Bayern Munich faced PSV Eindhoven away from home on Tuesday night in Champions League group play. The visitors aimed to qualify for the Round of 16, with two games to spare.
Meanwhile the home team tried to give themselves a realistic opportunity to advance, for which a victory in this game would have been vital.
The PSV fans created an electric atmosphere in the stadium and their team took early advantage of the energy the crowd gave them.
Manuel Neuer saved a header from Davy Pröpper, before Santiago Arias pushed in the rebound to give Eindhoven the lead around the 15-minute mark. The refereeing crew allowed the goal to stand, despite the fact that its scorer was in an offside position.
Later, an Andres Guardado handball in the area gave Bayern a penalty kick, which Robert Lewandowski converted to equalize.
Toward the end of the game, the Polish international scored again, to give his team the 2-1 victory.
The result puts Bayern Munich into the Round of 16 along with Atletico Madrid, while leaving PSV and Russian team Rostov to play for nothing more than a Europa League spot.
Augenblick: When the German record champions missed chance after chance in the second half, it looked as though they would not win the match. That makde Lewandowski’s second goal with less than twenty minutes left, all the more important.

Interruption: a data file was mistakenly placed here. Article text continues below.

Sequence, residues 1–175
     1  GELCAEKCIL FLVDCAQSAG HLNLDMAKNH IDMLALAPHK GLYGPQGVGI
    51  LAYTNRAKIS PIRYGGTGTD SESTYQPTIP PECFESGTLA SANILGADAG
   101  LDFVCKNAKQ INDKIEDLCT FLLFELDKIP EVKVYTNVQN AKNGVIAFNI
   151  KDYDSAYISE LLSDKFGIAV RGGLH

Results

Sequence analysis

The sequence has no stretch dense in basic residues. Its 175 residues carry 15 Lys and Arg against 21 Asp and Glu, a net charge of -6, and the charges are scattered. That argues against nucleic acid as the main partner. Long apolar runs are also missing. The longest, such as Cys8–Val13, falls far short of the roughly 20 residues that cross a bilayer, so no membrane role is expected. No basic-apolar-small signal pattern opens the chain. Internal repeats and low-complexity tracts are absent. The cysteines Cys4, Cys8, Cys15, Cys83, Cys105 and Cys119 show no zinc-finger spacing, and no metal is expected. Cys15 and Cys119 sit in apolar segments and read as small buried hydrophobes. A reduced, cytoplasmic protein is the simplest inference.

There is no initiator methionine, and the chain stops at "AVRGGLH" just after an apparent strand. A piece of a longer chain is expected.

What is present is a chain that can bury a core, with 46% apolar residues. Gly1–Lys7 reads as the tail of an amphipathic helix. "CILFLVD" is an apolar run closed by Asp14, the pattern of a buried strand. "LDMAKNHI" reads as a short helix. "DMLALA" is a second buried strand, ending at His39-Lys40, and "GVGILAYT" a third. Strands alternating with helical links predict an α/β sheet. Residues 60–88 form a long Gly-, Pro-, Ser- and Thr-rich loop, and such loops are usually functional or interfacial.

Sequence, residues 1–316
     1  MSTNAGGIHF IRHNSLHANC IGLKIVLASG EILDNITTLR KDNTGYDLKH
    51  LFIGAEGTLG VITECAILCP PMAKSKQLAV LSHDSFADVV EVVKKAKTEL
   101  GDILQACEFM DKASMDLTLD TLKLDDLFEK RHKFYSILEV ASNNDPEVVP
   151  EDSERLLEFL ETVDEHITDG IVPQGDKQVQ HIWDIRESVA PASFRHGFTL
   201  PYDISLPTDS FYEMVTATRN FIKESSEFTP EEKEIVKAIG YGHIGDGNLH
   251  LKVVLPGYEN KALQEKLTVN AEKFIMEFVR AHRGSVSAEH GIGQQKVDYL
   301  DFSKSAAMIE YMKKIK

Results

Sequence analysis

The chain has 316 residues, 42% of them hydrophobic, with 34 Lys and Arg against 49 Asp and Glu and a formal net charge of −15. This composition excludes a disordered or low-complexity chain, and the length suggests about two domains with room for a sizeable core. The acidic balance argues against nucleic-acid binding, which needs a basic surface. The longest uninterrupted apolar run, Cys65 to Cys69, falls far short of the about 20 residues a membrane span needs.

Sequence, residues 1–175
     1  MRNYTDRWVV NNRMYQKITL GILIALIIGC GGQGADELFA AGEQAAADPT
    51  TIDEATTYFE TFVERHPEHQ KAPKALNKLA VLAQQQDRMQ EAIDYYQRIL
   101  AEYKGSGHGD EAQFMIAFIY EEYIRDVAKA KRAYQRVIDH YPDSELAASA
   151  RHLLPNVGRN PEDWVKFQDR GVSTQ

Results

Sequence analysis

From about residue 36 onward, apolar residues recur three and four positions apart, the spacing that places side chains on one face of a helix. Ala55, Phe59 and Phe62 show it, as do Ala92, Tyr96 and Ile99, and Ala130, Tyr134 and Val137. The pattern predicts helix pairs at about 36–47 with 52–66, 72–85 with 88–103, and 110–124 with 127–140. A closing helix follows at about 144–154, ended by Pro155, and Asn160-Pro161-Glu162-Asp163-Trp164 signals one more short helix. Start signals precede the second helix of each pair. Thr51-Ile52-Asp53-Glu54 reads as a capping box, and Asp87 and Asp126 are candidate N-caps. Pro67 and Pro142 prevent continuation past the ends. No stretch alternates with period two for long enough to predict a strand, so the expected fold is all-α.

It was a cool finish from close range, nicely assisted by Douglas Costa and David Alaba, worthy of winning any game. (The move starts about 40 seconds into the video.)
Man of the Match: Robert Lewandowski was on target twice. He held his nerve when the team needed him the most.
Key Stats: According to the website of the sports magazine “Kicker”, Bayern Munich had a better pass completion ratio than their opponents by almost 20%, they had five times as many shots and won 10% more of the individual duels as well. These numbers underscore the Bavarian control of the match.
Talking Points: PSV Eindhoven is underperforming. That is the case domestically, as well as in Europe. They will have to make serious changes in order to save their season, even at this early stage. That said, their start to this game is certainly something to build on.
Bayern Munich changed its starting formation for the first time on Tuesday. The heavily-criticized 4-3-3 made way for a bizarre 4-1-3-2. This was likely meant to put Thomas Müller in a more natural position, but he was virtually invisible in the game.
Other concerns include the team’s inability to keep a clean sheet and their many missed scoring chances at the other end. Most people will sweep these issues under the rug, for as long as the team keeps winning however.